And what are the intentions of the God that you worship and serve? And how do you point to them…even if no one else can see them right now?  And will you help me point to them, too?  Because unlike Samson, we are not in this alone.  Let us work together to discover and demonstrate the purposes of God in and for this place. Amen.


[1]  Adapted from a commencement speech given by David Foster Wallace at Kenyon College

Finally, A Hero!

On January 19 we continued our study of the Book of Judges as we considered the events leading up to the birth of Samson.  Our texts included Judges 13 and Luke 1:45, which reads simply, “Blessed is she who has believed that the Lord would fulfill his promises to her!”

Every morning, I sit at the breakfast table and read the newspaper.  The actual, paper and ink, comes in a little plastic bag, newspaper.  I realize that this ancient and mysterious behavior makes me perhaps the oldest and most backwards man that some of the younger members of the congregation know.  I will wear that mantle.

At any rate, on Thursday the “Drabble” comic strip featured a conversation between Ralph and his wife that makes sense in light of our study of the Book of Judges:

DRABBLE ©2014 Kevin Fagin.  Reprinted with permission of UNIVERSAL UCLICK for UFS.  All rights reserved.

DRABBLE ©2014 Kevin Fagin. Reprinted with permission of UNIVERSAL UCLICK for UFS. All rights reserved.

If there is one thing that we have seen in this ongoing saga, it is that history does, in fact, repeat itself.  You will remember that we have talked about what scholars call “the Deuteronomic Cycle of Judges.”  The people are secure and blessed, and then they do what is evil in the sight of the Lord.  They abandon God’s best for them, and God allows them to walk away.  They discover that this leads them to pain and misery, and they “cry out” to the Lord, who responds by sending a deliverer, or a “judge”, who comes to defeat the Ammonites, the Amelekites, or whoever else is stepping on God’s people at the moment.

Deuteronomic Cycle 1And so when we began reading through Judges 13, it sure seemed like the cycle repeated itself: the story of Samson begins with the narrator of Judges informing us that once again the Israelites did what was evil, and the Lord gave them into the hands of the Philistines.  However, there is a key element missing from the cycle this time.  Did you catch that?  What is not here?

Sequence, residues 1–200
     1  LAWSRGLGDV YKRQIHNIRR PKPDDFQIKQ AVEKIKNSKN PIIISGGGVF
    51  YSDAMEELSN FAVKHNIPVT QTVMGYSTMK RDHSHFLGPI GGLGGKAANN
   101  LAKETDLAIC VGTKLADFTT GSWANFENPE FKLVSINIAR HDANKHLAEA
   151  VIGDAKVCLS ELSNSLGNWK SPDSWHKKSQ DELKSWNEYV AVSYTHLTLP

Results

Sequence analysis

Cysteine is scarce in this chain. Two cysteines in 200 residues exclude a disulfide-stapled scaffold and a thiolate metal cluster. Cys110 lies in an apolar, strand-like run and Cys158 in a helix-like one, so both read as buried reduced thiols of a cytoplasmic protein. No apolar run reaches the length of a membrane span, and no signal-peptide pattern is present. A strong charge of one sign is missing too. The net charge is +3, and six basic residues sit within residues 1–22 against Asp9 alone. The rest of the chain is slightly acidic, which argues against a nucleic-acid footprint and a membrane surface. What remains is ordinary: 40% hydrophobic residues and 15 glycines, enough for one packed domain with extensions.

There is no outcry from the people.  For forty years, God’s people are oppressed and victimized by the Philistines, and yet they do not cry out.

I have mentioned that the book of Judges, taken as a whole, seems to be a large narrative about the ways that God has called a people out of one system of living – the slavery, idolatry, and repression of life in Egypt – and invited them into a new way of life as represented by the Promised Land, flowing with milk and honey and characterized, we would expect, by justice and joy.  Time after time, the people in Judges walk away from God’s best, find themselves in trouble, and say “Wait! God! This is not where we are supposed to be!  Help us!”  And God raises up someone like Ehud or Barack or Deborah or Gideon.

But here, the world is so distorted and reality has become so unhinged for these people that they cannot even sense that life is wrong.  They have no hope for change.  They are so accustomed to life as it should NOT be that they can’t imagine anything else, and they don’t know to cry out.  We will talk more about that next week.

Manoah and His Wife, Offering a Sacrifice, Saw the Angel of the Lord Flying in the Flame,  Marc Chagall, 1956

Manoah and His Wife, Offering a Sacrifice, Saw the Angel of the Lord Flying in the Flame,
Marc Chagall, 1956

What I want to point out now, however, is simply this – that even when the people of Israel are unable or unwilling to cry out, God is moving.  God shows up to bumbling old Menoah and his wife and reaches out to his people even when they are unaware how far they have wandered away from his intentions for them.